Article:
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Posts posted by LongStride

  1. It would appear that there is not much definitive manufacturer information available regarding the behavior of tpms sensors while they are at rest.  I keep waiting for someone to say "My owners manual says..." and no one has come forth.  Perhaps all of you have user guides that are as crappy as mine.  

    My sensors provide a reading while static that changes with atmospheric conditions.  Our Elite sits in a north/south orientation when at home.  There is a noticeable difference in tire pressures on sunny days.  Particularly early morning when the east tire warms in the sun.  My sensors are without question sending a signal while static.  I believe that without motion the sensors go into sleep mode and immediately awaken when they detect a change and only then do they send a signal.  That makes sense from a design perspective.  You can monitor them while the trailer is not moving and you will always get the last recorded change. 

    It is doubtful that any of the sensors on the market emit signals on a constant or even on a timed basis irrespective of a pressure or temperature change.  In fact, the signal that wakes up the sensors while static is likely just pressure variation.  That would be the simplest method of waking the sensors based on a change.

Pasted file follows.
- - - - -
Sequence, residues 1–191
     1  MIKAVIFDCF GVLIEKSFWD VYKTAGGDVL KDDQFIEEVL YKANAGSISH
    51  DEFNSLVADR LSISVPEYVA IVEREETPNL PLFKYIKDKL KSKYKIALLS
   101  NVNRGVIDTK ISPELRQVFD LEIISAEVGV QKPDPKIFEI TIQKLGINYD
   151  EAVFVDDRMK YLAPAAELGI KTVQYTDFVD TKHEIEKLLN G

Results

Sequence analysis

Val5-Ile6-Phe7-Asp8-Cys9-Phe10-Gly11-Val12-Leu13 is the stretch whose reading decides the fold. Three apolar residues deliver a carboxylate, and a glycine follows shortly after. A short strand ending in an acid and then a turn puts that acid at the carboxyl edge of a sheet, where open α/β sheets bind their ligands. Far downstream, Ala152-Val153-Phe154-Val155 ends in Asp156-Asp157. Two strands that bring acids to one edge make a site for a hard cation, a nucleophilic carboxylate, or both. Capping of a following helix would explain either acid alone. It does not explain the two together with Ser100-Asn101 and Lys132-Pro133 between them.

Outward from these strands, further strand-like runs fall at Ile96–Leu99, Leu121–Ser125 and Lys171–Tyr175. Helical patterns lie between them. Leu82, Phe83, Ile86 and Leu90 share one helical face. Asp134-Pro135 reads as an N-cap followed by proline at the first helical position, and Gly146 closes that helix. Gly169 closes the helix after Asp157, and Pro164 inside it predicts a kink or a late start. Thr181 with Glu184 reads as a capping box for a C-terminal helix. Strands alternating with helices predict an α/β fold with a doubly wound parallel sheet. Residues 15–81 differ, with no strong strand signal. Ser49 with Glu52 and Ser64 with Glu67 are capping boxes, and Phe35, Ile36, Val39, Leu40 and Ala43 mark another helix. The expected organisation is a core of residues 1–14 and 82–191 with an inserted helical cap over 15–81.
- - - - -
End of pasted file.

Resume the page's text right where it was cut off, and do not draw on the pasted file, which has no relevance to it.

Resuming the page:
That's my take on it anyway.

    As far as the lack of useful literature on the sensors themselves... Whiskey Tango Foxtrot (that's for you JD) why?  I'm sure the technology is widely known in the industry.  I felt the same way, albeit with more despair, when Oliver stopped providing wiring diagrams.   

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  2. I have a GUTA system that I am quite happy with.  I have an Elite l so I got the model with only four sensors.  That covers my single axle tires, spare tire, and a spare sensor to replace one if it fails.  My tow vehicle has an onboard monitoring system. 

    One of my biggest concerns was the signal range.  I did not want to install a repeater.  The GUTA has great range.  With my Ollie parked on its pad in my back yard, I still get a good signal in my truck when it is parked in the driveway.

    The only con that I can come up with is that the instructions are horrible.  Apparently much was lost in the translation from Mandarin to English.  I will never understand why manufacturers don't have someone from their intended market proof read instructions.  I am sure that the instructions make perfect sense to someone from China who is fluent in English, but they make no sense to native speakers of the english language.